Blee spent a significant and formative part of his childhood in India – an experience that has permeated and defined the way he views the world around him and, in turn, how he expresses his experience through painting.
by F. Lennox Campello
Some of our area artists need little introduction, either by the number of years that they have been leaving a powerful footprint upon our area (giants like Manon Cleary, Joe Shannon, Sam Gilliam, William Christenberry and others), or by the sheer power and magnitude of their recent accomplishments (such as same building neighbors Dan Steinhilber and Tim Tate).
And then there are artists, whose accomplishments and skill and creativity, rather than their “fame,” make them a significant part of our area’s brilliant cultural tapestry.
One such artist is John Blee.
Before I discuss Blee’s current exhibition (titled Fragments and closing this Saturday at Susan Calloway Fine Art in Georgetown), let me tell you a bit about this talented and valued member of our area’s art tapestry.
John Blee has exhibited his work widely in New York, Boston, and in Washington, D.C. (where he used to exhibit at the Jack Rasmussen Gallery, back when Jack had one in the last century, so you know that Blee has been around and paid his dues).
He studied with Helen Frankenthaler and Robert Moskowitz, and Blee’s art is in the permanent collections of the Museum of Modern Art, in New York and the Los Angeles County Museum of Art, among others.
For many years Blee was the fire and fuel behind Georgetown’s Spectrum Gallery, and his guidance and influence have been in no small part responsible for Spectrum’s success over the years that it has been a Georgetown fixture. Furthermore, a few years ago, Blee became the galleries art critic for the influential Georgetowner weekly newspaper, whose coverage of DC area galleries, incredibly enough, now outnumbers the Washington Post’s by two to one.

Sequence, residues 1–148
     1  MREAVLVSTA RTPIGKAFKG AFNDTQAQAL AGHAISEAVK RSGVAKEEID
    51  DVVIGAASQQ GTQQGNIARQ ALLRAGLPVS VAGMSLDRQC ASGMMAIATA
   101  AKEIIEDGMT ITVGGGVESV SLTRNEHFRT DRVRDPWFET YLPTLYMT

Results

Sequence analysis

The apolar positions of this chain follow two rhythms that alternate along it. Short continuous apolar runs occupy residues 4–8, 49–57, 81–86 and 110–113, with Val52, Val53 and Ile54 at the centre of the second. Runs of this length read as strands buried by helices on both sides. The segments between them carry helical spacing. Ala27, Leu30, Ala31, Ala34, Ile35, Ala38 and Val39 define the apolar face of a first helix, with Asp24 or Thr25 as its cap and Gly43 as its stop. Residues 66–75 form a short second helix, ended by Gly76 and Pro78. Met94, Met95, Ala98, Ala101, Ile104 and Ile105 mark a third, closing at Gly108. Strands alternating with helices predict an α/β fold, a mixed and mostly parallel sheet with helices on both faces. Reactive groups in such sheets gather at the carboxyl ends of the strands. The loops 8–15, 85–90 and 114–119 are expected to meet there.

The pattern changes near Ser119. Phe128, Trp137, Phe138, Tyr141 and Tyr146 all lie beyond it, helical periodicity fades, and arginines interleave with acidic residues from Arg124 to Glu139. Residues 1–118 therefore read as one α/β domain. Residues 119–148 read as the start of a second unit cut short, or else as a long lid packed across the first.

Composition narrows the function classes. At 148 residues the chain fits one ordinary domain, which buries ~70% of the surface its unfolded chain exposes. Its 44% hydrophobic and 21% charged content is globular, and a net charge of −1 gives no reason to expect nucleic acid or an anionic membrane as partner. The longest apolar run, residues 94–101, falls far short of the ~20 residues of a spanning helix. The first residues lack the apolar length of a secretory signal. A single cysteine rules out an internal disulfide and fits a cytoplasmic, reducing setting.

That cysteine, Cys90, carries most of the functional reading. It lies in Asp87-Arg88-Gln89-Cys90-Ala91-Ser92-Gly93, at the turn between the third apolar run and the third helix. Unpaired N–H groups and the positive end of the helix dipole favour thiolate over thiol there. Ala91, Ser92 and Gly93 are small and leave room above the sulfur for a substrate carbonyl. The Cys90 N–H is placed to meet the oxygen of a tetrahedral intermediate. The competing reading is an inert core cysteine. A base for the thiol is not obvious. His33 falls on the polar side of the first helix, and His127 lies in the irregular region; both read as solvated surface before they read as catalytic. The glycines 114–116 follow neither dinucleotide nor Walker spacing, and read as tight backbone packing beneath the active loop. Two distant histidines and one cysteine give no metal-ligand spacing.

Fragments is Blee’s second solo in the last two years, following an exceptional show in 2004 at One World, and Fragments reaffirms Blee’s position as one of the leading abstract painters in our region.
And how is F. Lennox Campello, leading defender of figurative art and long-winded aficionado of all painted things, come to this conclusion?
Part one is a decade of observing this (and dozens and dozens of other artists’ works though countless gallery visits). Part two is realizing that although Blee is an abstract painter at a first glance, experienced eyes nonetheless can readily see where he intelligently employs an illusion of figuration in his color rich world. Part three is being seduced, little by little over the years, by a sensual brushstroke that shouts out the true power of painting.
Study Duo and River Games and Still Life Sketch and discover the ties that bind this exceptional painter to the never ending army of defenders of the genre. Blee is a painter’s painter and it is because of work like his, that we will never ceased to be seduced by what a talented brush can do to a blank canvas.
by Anne Surak
John Blee brings many facets of understanding to the world of art. He is a painter, teacher, critic, and writer. In this most recent body of work, Fragments, he has drawn upon the literary inspiration of such poets as Saint John Perse, Sappho, and Hilda Morley, whose poem “Autobiography,” describes the way the author sees and interprets the world as if through “windows” of reality and abstraction throughout life.
Blee writes, “Knowledge comes through the fragmentary experience of life itself. This same momentary realization can be found in the openness and reflection in the act of painting. Painting is a search for knowledge.”
Blee’s artistic references are as far reaching as the words that inspire him. He calls upon art ranging from Indian miniatures he saw as a child growing up in Southeast Asia to the paintings of Bonnard and Matisse, both of whom used the window as a device to create an interior break in space in their compositions.
Each intimate work evokes emotion by juxtaposing expressiveness and softness through the colors and forms. The uniform sizes of the canvases act as windows themselves, which direct the eye towards the shades and textures that are central to each composition and set the tone for each piece. Though a singular canvas often evolves over a period of months, each work captures a fleeting moment that also compels contemplation.
In his criticisms, Baudelaire emphasized that all art, whether it is painting, poetry or music, springs from the memory of the artist and speaks to the memory of the viewer. John Blee touches upon this notion through his series of thoughtful and expressive abstract works. The layered compositions resonate with moods and feelings that are as richly ambiguous as the textured color spectrum from which they are made – visual poetry that plays directly on the observer’s emotions.